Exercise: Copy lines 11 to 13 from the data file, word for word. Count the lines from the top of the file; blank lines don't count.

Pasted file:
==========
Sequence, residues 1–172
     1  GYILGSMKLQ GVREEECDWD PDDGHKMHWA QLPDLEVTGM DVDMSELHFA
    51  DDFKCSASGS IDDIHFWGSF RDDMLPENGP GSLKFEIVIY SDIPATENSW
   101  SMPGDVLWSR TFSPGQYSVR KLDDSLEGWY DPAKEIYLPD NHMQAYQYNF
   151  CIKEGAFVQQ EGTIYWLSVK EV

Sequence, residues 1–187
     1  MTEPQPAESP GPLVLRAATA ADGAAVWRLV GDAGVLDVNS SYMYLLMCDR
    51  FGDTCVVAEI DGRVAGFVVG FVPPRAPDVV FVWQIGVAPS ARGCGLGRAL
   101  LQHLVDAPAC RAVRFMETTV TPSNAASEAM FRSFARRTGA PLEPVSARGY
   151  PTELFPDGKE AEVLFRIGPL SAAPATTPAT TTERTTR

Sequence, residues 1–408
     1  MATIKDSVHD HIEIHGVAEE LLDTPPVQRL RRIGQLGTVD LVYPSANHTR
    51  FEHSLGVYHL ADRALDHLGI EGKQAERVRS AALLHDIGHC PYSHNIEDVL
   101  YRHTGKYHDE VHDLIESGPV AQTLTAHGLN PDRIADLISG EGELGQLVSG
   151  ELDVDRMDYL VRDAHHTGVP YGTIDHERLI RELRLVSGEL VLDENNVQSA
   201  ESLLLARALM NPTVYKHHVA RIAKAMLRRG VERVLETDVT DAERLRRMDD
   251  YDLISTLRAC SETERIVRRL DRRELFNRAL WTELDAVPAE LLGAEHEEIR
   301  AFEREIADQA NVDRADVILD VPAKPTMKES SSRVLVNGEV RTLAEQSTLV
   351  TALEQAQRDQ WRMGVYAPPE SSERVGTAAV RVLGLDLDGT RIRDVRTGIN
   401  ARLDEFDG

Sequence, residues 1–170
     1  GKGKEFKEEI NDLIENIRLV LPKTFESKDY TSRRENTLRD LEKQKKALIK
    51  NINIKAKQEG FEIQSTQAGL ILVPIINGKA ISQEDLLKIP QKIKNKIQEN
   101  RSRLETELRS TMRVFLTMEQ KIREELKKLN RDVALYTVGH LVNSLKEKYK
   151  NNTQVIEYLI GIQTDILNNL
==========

Sequence, residues 1–408
     1  MATIKDSVHD HIEIHGVAEE LLDTPPVQRL RRIGQLGTVD LVYPSANHTR
    51  FEHSLGVYHL ADRALDHLGI EGKQAERVRS AALLHDIGHC PYSHNIEDVL